In the Wall Street Journal, David Rivkin and Lee Casey argue that “The Iranian nuclear agreement announced on July 14 is unconstitutional, violates international law and features commitments that President Obama could not lawfully make.”  (Via Elizabeth Price Foley at Instapundit, who has further quotes and  favorable comments).  Jack Goldsmith responds at Lawfare: More Weak Arguments For The Illegality of the Iran Deal.

I agree with most of Professor Goldsmith’s comments, including: (a) I think objections to the UN Security Council resolution are misplaced, as it appears to the bind the U.S. to future action regarding U.S. sanctions [at least that’s what John Bellinger says, and I would not want to argue with him], and (b) I see no constitutional objection to the President telling Iran that he will take certain actions that are within his constitutional and statutory powers [as Goldsmith has argued previously].

But I still think the Iran deal is constitutionally problematic, for two reasons (neither of which Professor Goldsmith addresses):

1.  The deal’s constitutionality appears to depend on it being non-binding.  A number of commentators have assumed that it is.  But it appears ambiguous  at best on this point.  It’s true that the text (introduction to Article I) declares that “Iran and E3/EU+3 will take the following voluntary measures…”  But standing alone that language seems unclear – does it mean that the parties need not take the measures unless they voluntarily want to in the future, or that the parties are voluntarily (i.e., without coercion) entering into the agreement?  On a quick read, nothing else in the agreement refers to it as non-binding, and many of its measures are described in obligatory terms.  (For example, Section 26, the U.S. “will refrain” from re-imposing sanctions once sanctions are lifted.)  Although the U.S. negotiators previously referred to the pending deal as nonbinding, Iran insisted in response that it was intended to be binding (this was in March/April of this year).  I’m not aware that the U.S. has recently and unequivocally described the deal as nonbinding (and even if it did, it’s not clear that the unilateral view of the U.S. negotiators would be conclusive).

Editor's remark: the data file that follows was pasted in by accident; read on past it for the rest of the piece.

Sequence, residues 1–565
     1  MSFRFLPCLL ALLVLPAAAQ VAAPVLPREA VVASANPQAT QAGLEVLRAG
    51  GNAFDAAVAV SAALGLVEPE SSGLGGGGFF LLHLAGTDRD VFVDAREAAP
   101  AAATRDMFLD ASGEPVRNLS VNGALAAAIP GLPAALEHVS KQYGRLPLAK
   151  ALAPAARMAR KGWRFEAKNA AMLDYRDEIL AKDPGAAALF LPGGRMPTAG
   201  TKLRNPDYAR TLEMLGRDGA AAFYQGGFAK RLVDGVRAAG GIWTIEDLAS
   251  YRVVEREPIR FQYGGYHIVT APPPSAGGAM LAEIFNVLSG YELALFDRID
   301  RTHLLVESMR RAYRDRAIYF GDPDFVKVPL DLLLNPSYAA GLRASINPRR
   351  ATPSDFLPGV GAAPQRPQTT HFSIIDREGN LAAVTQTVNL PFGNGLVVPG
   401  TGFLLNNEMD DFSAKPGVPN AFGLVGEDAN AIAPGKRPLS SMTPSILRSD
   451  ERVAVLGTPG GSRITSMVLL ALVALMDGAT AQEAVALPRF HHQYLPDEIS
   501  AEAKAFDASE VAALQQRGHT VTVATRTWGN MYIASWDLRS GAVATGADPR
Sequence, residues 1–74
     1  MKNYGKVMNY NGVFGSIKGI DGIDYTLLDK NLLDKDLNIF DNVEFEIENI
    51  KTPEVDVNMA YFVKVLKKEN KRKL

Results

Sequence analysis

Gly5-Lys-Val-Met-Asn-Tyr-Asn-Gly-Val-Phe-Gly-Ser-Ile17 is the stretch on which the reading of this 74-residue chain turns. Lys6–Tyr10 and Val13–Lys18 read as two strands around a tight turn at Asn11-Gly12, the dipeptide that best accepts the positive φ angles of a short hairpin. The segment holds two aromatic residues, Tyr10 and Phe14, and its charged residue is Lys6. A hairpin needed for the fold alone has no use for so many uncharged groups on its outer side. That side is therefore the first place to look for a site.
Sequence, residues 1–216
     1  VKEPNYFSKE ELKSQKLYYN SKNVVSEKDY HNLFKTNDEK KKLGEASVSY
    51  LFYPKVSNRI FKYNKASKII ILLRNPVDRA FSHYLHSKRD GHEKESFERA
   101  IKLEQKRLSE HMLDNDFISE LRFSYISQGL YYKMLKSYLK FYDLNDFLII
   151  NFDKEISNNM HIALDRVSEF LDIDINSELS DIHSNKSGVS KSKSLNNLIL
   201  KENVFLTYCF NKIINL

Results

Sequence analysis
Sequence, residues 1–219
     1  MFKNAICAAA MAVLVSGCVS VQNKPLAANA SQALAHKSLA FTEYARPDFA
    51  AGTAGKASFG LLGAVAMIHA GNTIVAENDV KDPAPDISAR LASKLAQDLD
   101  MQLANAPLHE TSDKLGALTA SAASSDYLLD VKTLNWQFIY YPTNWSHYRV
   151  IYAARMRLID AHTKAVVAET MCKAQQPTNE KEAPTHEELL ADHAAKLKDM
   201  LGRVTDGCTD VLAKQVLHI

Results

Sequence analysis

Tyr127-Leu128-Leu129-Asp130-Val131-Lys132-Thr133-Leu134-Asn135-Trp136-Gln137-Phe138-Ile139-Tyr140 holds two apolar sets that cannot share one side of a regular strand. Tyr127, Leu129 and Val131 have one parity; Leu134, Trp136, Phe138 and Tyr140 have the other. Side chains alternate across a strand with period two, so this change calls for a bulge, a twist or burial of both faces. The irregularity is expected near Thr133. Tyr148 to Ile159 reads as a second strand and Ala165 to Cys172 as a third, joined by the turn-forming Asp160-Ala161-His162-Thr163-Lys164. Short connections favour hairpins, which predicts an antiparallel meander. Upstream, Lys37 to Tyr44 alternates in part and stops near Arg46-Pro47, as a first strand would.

In my view, the President has a constitutional obligation to make clear, to both the other parties to the agreement and to Congress, that the agreement is nonbinding.  For reasons set forth here, the President does not have independent constitutional power to make a binding agreement in these circumstances.  But if the U.S. is not clear that the agreement is nonbinding, the agreement might be regarded as binding under international law despite the unexpressed U.S. intentions.  Moreover, as Congress considers whether to approve lifting U.S. sanctions, Congress needs to understand whether Iran’s commitments under the deal are binding (especially because if the U.S. commitments aren’t binding, neither are Iran’s).